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The “Seamless System” (fall 2006)
of Public Education
THE STRUGGLE over Florida higher education governance, described in National CrossTalk articles in 2001 and in 2006, has continued unabated.
The basic issue is control. The Board of Governors of the State University System believes it is empowered to make major policy decisions for the 11 campuses and their 300,000 students. But the Florida Legislature insists it has the authority to make those decisions, especially the setting of tuition rates.
The issue was joined in the summer of 2007, when the Board of Governors, which had been acting cautiously since its establishment through a state constitutional amendment in 2002, seized the initiative and approved a five percent undergraduate tuition increase to take effect in the spring 2008 semester. However, the legislature then passed its own five percent increase, nullifying the board action.
Later, legislators and Governor Charlie Crist agreed to allow the state’s four largest campuses—the University of Florida, Florida State, the University of Central Florida and the University of South Florida—to impose differential tuition increases of 30 to 40 percent over five years.
Board members argued that tuition increases were needed because the state’s average tuition and mandatory fees ($3,361 at the time) were the lowest in the nation, while its student-faculty ratio of 31:1 was far higher than the national average of 25:1. They also pointed out that state spending for the university system, already near the bottom nationally, had been cut by $157 million in 2007-08, with even deeper cuts expected in 2008-09.
“Quality is at risk,” board chair Carolyn Roberts told the St. Petersburg Times. “Access is important to our state, but quality has to be the number-one priority.”
But the Board of Governors’ action displeased the legislature, which over the years has favored keeping tuitions low. State Senate President Ken Pruitt, a Republican, introduced a resolution to abolish the Board of Governors, as part of yet another overhaul of postsecondary education governance—the third in six years.
The Pruitt resolution sought to abolish the present Board of Governors, replacing it with a board “subservient to the legislature,” a spokesman for the Board of Governors said. There also would be changes in the composition of the State Board of Education and the boards of trustees of the 11 state university campuses.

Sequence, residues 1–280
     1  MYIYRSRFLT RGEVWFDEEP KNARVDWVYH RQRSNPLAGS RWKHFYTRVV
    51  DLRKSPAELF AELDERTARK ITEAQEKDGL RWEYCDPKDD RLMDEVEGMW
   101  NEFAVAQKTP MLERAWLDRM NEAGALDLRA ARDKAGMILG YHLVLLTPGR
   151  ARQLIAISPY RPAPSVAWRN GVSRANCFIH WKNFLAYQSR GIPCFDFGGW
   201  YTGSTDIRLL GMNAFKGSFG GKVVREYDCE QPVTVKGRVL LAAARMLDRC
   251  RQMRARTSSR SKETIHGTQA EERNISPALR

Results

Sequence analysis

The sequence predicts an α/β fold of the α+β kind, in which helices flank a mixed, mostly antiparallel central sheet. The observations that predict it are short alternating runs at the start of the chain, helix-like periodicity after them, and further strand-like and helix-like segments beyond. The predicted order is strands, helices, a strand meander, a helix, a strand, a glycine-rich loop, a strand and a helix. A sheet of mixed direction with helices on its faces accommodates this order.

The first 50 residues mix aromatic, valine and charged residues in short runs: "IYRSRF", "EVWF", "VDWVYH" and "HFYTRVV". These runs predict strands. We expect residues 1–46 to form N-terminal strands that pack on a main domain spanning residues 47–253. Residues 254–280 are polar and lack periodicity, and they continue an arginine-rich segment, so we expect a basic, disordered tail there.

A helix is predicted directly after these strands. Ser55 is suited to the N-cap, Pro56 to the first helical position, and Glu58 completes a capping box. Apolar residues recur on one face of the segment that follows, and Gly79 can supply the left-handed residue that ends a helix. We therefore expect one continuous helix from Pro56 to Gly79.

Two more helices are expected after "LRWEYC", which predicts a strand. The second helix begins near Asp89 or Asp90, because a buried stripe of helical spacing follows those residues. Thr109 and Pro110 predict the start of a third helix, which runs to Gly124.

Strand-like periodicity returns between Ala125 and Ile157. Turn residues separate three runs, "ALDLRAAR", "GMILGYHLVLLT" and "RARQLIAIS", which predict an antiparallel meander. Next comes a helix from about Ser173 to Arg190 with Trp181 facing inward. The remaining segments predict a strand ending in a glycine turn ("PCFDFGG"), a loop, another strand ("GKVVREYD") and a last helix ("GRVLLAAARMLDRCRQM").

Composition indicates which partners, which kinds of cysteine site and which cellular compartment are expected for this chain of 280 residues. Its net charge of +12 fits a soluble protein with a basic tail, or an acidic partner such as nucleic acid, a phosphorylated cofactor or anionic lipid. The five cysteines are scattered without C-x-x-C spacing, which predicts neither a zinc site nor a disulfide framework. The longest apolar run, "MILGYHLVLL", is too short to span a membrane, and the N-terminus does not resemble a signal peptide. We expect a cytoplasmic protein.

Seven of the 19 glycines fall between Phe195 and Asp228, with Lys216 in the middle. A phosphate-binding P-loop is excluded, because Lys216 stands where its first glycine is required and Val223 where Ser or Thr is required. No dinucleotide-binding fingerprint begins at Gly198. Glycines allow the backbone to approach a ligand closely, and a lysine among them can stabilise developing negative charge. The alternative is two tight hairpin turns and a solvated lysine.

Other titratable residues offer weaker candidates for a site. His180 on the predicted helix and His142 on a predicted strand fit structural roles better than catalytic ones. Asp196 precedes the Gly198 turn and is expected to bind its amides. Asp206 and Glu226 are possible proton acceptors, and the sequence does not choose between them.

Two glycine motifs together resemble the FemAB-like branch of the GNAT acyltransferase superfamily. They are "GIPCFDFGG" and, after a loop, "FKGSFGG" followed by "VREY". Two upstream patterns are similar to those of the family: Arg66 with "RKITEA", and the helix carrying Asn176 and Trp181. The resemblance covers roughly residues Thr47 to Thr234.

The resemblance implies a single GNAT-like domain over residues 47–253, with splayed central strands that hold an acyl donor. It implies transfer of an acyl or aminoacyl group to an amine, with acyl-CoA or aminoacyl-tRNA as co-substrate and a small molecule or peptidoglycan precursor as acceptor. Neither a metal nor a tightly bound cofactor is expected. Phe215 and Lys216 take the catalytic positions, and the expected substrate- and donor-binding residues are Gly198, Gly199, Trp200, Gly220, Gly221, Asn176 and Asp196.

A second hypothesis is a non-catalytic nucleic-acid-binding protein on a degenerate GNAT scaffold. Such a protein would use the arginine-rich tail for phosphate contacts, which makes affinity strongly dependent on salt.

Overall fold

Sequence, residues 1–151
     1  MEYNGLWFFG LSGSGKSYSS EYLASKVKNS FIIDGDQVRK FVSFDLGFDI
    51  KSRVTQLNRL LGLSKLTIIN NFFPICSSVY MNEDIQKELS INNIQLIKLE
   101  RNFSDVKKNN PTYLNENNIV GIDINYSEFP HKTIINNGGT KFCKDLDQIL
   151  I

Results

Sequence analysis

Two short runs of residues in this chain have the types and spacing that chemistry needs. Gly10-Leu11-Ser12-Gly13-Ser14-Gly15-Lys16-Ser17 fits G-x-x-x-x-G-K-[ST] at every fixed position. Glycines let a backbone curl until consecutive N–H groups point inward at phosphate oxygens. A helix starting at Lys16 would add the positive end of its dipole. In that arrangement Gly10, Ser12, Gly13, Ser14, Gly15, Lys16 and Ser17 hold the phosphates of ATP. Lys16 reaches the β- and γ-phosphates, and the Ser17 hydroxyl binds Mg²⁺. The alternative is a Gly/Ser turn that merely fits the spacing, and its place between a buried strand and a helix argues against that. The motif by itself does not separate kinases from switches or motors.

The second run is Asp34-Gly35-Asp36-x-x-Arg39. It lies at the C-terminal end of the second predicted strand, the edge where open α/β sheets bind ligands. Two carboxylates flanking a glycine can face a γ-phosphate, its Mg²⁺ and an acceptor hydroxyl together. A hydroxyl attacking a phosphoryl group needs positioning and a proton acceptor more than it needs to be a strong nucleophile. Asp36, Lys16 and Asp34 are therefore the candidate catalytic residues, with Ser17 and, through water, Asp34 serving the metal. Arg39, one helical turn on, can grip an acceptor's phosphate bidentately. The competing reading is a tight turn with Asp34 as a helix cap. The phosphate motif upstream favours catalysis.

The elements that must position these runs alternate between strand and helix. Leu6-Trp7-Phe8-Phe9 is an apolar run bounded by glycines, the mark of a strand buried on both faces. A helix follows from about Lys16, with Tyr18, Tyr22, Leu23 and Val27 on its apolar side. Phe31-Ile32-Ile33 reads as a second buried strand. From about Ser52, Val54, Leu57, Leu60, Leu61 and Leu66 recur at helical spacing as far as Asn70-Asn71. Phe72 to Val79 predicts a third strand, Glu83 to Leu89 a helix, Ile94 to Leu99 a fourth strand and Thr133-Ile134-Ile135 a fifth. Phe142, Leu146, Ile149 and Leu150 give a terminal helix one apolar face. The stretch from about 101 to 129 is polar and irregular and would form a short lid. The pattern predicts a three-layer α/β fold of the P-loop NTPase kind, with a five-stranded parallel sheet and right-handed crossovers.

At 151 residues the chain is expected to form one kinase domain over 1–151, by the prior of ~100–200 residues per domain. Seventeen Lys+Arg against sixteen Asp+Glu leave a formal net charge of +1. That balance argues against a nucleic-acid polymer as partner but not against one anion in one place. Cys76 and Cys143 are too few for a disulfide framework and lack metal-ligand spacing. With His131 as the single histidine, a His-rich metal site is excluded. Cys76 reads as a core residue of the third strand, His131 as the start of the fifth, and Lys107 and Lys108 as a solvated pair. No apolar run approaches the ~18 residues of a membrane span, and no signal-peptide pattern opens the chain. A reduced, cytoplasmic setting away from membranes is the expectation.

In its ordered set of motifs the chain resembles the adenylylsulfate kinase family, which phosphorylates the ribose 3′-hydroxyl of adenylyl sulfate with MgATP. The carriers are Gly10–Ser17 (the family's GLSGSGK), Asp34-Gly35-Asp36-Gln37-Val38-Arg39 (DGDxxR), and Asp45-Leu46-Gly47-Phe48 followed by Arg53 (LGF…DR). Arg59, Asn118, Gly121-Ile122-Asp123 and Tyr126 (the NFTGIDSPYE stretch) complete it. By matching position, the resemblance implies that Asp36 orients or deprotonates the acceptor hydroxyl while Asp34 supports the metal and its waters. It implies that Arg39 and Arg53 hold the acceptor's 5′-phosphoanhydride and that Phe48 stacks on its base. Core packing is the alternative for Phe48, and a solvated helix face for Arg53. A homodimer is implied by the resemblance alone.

Finally, the resolution would create a Commissioner of Education over all public education, from kindergarten to graduate school. This would be a return to the “seamless system” put in place by former Governor Jeb Bush that was widely considered to be ineffective.
(The reorganization called for by the Pruitt resolution would make little difference to Florida’s 28-campus, 850,000-student community college system, said Will Holcomb, the system’s chancellor. “The present system has worked pretty well for us and we support it,” Holcomb said, but the new arrangement “would not make much of a change for us.”)
On March 27, the Senate approved the resolution, but Republican House leaders failed to garner the three-fifths vote needed to put the measure on the November ballot. “We tried; we tried hard, but the support’s just not there,” said Ellyn Bogdanoff, Republican House majority whip, in the St. Petersburg Times.
Richard Novak, vice president for public programs at the Association of Governing Boards, opposed the measure. “Florida needs a governing board to establish policy leadership. The state is growing fast, enrollment is increasing rapidly, there has been a proliferation of law schools and medical schools. There doesn’t seem to be good overall planning.”
In the meantime, former Florida Governor and U.S. Senator Bob Graham and others have filed a lawsuit, arguing that the 2002 state constitutional amendment (also pushed by Graham, among others), creating the Board of Governors, had transferred authority to set tuition rates from the legislature to the new board. The Board of Governors joined the lawsuit, further antagonizing Senator Pruitt and other lawmakers.
“This lawsuit is nothing more than an attempt to get unbridled tuition increases,” Pruitt said. “God help our students if they win.”
Those who follow the twists and turns believe the Graham forces will try to defeat the referendum but, failing that, will seek a new constitutional amendment that once again would establish the authority of the Board of Governors.
All of this has taken place against a background of financial distress. Florida, with no personal income tax, relies heavily on sales and real estate taxes, both of which have slumped due to declines in both the housing market and tourism. The result was an estimated $1.8 billion state budget deficit in 2008-09, leading to sharp cuts in higher education spending.
State university campuses have responded by freezing enrollments and hiring, and by postponing construction of new academic facilities.
“The governance and funding of higher education are a mess,” Robert H. Atwell, a Sarasota resident and former president of the American Council on Education, wrote in an op-ed in the Sarasota Herald-Tribune. “The primary victims will be those thousands of qualified students who will be turned away from the senior institutions or the community colleges.”